Heterochromatin is defined as regions of compact chromatin that persist throughout the cell cycle (Heitz, 1928). The earliest cytological observations of heterochromatin were followed by ribonucleotide labeling experiments that showed it to be transcriptionally inert relative to the more typical euchromatic regions that decondense during interphase. Genetic studies of rearrangements that place euchromatic genes next to blocks of heterochromatin also pointed out the repressive nature of heterochromatin (Grigliatti, 1991; and references therein). The discovery of the heterochromatin-enriched protein heterochromatin protein 1 (HP1)*


Abbreviation used in this paper: HP1, heterochromatin protein 1.

by Elgin and co-workers in the mid-1980s suggested that the distinct cytological features of this chromatin may be related to its unique nucleoprotein composition (James and Elgin, 1986; James et al., 1989). HP1 immunostaining on polytene chromosomes from Drosophila larval salivary glands was used to show enrichment of the protein in pericentric heterochromatin. Since that initial discovery, HP1 homologues have been found in species ranging from fission yeast to humans where it is associated with gene silencing (Eissenberg and Elgin, 2000; and references therein). A number of euchromatic sites of localization were also reported in this original study. It has been generally assumed that these sites might constitute euchromatic sites of transcriptional repression by HP1. Indeed, several genes located at one of these sites (cytological region 31) have increased transcript levels in mutants for HP1 (Hwang et al., 2001).

In this issue, Piacentini et al. (2003) report the unexpected association of HP1 with transcriptionally active regions of euchromatin. Moreover, this article shows recruitment of HP1 to ecdysone-activated puffs and to the well known heat shock–induced puffs of polytene chromosomes. The heat shock loci have served as models for transcriptional activation and the accompanying changes in chromatin organization. The finding that HP1 is recruited to transcriptionally activated puffs flies in the face of current thinking about HP1 function as a transcriptional repressor. Wakimoto and co-workers showed a transcriptional activating function for HP1 in the expression of genes located in heterochromatin (Hearn et al., 1991), but this is the first report of a requirement for HP1 for proper expression of euchromatic genes. This association of HP1 with puffs is shown to be functionally relevant; both hsp70 transcript and protein levels are reduced in loss of function mutants for HP1 and elevated in stocks carrying two extra copies of the HP1-encoding gene as a transgene.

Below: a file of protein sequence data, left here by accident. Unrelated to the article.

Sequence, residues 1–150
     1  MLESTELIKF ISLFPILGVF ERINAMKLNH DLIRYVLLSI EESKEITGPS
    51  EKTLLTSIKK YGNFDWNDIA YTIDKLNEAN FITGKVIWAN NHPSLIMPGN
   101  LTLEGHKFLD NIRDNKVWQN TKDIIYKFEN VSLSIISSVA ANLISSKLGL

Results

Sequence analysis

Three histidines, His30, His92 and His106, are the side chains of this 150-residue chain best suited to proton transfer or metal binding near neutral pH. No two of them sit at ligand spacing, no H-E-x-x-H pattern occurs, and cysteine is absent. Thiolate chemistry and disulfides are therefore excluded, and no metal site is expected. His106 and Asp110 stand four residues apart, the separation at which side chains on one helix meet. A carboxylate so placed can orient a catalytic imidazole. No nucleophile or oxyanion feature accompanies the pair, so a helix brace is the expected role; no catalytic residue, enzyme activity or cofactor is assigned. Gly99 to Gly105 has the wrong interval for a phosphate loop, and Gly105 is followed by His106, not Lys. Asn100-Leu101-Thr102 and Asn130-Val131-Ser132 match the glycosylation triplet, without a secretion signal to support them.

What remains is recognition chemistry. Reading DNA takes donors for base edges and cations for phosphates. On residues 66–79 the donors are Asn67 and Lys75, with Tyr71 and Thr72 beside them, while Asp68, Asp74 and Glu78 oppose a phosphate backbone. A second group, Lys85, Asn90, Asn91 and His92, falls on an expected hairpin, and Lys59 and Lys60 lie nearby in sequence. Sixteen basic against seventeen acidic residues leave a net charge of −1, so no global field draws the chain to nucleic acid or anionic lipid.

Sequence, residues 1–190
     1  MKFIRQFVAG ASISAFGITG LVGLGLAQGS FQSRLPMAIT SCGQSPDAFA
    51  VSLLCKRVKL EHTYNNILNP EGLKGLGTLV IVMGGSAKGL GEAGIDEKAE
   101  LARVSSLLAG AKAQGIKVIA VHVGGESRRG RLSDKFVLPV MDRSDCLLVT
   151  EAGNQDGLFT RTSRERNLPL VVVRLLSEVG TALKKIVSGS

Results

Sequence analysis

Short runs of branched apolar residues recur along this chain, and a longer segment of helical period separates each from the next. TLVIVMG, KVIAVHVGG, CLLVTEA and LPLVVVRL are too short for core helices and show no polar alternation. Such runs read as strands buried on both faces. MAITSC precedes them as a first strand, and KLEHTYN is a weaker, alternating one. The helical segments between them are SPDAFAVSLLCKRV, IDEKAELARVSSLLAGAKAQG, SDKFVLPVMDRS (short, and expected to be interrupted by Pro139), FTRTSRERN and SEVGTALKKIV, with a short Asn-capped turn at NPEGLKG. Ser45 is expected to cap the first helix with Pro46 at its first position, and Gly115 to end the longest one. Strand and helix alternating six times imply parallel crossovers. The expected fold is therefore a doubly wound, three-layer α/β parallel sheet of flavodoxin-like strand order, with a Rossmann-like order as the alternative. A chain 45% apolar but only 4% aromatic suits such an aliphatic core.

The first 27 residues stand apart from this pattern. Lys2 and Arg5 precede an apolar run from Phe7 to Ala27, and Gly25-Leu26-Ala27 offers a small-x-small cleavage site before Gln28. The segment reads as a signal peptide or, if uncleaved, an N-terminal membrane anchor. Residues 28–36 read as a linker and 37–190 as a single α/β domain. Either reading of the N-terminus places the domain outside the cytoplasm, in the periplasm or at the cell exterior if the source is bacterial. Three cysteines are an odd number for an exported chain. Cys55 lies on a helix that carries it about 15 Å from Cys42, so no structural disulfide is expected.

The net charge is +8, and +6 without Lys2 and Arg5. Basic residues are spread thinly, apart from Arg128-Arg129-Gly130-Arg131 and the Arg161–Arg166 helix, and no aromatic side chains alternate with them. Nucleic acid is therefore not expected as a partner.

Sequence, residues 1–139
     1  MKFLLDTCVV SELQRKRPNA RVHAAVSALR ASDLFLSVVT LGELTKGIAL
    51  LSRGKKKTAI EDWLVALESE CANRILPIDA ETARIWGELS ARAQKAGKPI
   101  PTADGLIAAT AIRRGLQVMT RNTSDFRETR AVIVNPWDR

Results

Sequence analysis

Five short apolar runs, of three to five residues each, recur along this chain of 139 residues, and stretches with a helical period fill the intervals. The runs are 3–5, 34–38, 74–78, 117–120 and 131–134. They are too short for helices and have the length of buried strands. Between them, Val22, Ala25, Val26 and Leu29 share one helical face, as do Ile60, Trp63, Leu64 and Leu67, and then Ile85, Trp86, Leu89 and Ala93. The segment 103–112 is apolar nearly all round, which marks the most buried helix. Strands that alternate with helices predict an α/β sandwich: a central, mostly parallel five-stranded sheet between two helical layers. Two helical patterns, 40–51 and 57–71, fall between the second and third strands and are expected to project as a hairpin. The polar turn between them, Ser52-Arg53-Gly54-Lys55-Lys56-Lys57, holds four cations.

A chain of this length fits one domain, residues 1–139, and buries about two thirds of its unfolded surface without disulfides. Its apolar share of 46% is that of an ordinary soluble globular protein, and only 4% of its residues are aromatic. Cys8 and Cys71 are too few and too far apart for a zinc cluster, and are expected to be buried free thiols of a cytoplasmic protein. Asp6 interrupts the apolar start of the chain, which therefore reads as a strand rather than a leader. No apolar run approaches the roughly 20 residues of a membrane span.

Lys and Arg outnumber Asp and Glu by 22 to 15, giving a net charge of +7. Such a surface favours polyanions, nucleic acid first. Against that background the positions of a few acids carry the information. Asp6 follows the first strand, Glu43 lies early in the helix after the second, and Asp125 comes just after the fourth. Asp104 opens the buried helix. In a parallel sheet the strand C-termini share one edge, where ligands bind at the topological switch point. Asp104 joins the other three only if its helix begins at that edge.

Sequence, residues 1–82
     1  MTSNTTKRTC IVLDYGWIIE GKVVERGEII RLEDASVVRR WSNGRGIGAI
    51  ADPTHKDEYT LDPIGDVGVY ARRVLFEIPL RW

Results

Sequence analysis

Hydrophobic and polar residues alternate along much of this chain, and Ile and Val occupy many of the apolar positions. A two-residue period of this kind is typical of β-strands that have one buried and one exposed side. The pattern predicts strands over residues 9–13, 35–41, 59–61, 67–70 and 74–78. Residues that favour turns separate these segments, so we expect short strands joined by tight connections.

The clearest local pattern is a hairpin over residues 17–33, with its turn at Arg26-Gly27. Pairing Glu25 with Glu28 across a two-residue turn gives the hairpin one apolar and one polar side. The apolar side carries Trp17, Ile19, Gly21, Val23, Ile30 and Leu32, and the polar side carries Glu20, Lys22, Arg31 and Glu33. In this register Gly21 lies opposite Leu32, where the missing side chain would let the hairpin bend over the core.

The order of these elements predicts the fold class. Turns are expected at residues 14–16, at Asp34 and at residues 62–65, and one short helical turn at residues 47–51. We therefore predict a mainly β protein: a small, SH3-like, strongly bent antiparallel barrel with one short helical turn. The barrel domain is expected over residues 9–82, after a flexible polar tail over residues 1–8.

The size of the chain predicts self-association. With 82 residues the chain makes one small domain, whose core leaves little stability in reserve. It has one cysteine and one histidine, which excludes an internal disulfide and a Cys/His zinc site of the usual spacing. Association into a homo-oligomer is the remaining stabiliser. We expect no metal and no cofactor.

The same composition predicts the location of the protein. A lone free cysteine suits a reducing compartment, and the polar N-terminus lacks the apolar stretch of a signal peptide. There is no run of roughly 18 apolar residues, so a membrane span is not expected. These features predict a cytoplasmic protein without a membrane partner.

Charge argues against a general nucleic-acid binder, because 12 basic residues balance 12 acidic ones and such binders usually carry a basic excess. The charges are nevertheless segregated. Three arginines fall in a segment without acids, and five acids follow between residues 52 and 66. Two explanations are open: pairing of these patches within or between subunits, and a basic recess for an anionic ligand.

Interestingly, several lines of evidence support a role for RNA in the recruitment of HP1 to puffs. Chromatin immunoprecipitation experiments suggest an association of HP1 with hsp70 gene coding sequences rather than their promoters. Protein–protein interactions with the heat shock transcription factor HSF are not likely to be involved; HP1 is not recruited to ectopic binding sites for HSF unless transcription is initiated from those sites. HP1 is also not recruited to puffs induced by sodium salicylate without accompanying transcription. Finally, HP1 is released from puffs by treating the heat shock–induced chromosomes with RNase.

RNA has also been implicated in targeting of HP1 to heterochromatin. Its association with centric heterochromatin in mammalian cells is RNase sensitive (Maison et al., 2002). Recent studies in S. pombe also implicate RNA in HP1 targeting to centric heterochromatin. Double-stranded interference RNA produced from centromeric transposons direct a lysine 9–specific histone H3 methyltransferase activity to centromeres that provides a chromatin binding site for HP1 (Reinhart and Bartel, 2002; Volpe et al., 2002). This histone modification has been strongly implicated in HP1 association with chromatin, and binding of HP1 to this modification requires its conserved chromodomain (Bannister et al., 2001; Jacobs et al., 2001; Lachner et al., 2001; Schotta et al., 2002).